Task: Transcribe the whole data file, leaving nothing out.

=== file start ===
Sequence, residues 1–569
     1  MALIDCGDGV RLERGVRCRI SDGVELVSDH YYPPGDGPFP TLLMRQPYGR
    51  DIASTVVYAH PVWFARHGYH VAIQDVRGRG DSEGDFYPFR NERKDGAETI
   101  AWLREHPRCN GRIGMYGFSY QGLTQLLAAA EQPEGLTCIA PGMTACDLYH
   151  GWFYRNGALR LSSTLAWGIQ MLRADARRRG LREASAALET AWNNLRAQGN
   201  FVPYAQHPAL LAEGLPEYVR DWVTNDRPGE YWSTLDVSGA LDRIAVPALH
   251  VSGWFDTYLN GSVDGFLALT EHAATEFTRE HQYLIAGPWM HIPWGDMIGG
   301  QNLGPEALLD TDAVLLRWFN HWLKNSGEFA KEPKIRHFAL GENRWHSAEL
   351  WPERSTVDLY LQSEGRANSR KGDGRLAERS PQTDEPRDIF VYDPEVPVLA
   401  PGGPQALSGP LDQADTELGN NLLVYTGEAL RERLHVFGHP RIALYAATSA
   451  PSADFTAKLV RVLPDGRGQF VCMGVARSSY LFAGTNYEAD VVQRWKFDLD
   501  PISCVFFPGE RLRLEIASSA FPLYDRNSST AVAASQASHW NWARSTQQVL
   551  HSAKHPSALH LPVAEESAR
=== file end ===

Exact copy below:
Sequence, residues 1–569
     1  MALIDCGDGV RLERGVRCRI SDGVELVSDH YYPPGDGPFP TLLMRQPYGR
    51  DIASTVVYAH PVWFARHGYH VAIQDVRGRG DSEGDFYPFR NERKDGAETI
   101  AWLREHPRCN GRIGMYGFSY QGLTQLLAAA EQPEGLTCIA PGMTACDLYH
   151  GWFYRNGALR LSSTLAWGIQ MLRADARRRG LREASAALET AWNNLRAQGN
   201  FVPYAQHPAL LAEGLPEYVR DWVTNDRPGE YWSTLDVSGA LDRIAVPALH
   251  VSGWFDTYLN GSVDGFLALT EHAATEFTRE HQYLIAGPWM HIPWGDMIGG
   301  QNLGPEALLD TDAVLLRWFN HWLKNSGEFA KEPKIRHFAL GENRWHSAEL
   351  WPERSTVDLY LQSEGRANSR KGDGRLAERS PQTDEPRDIF VYDPEVPVLA
   401  PGGPQALSGP LDQADTELGN NLLVYTGEAL RERLHVFGHP RIALYAATSA
   451  PSADFTAKLV RVLPDGRGQF VCMGVARSSY LFAGTNYEAD VVQRWKFDLD
   501  PISCVFFPGE RLRLEIASSA FPLYDRNSST AVAASQASHW NWARSTQQVL
   551  HSAKHPSALH LPVAEESAR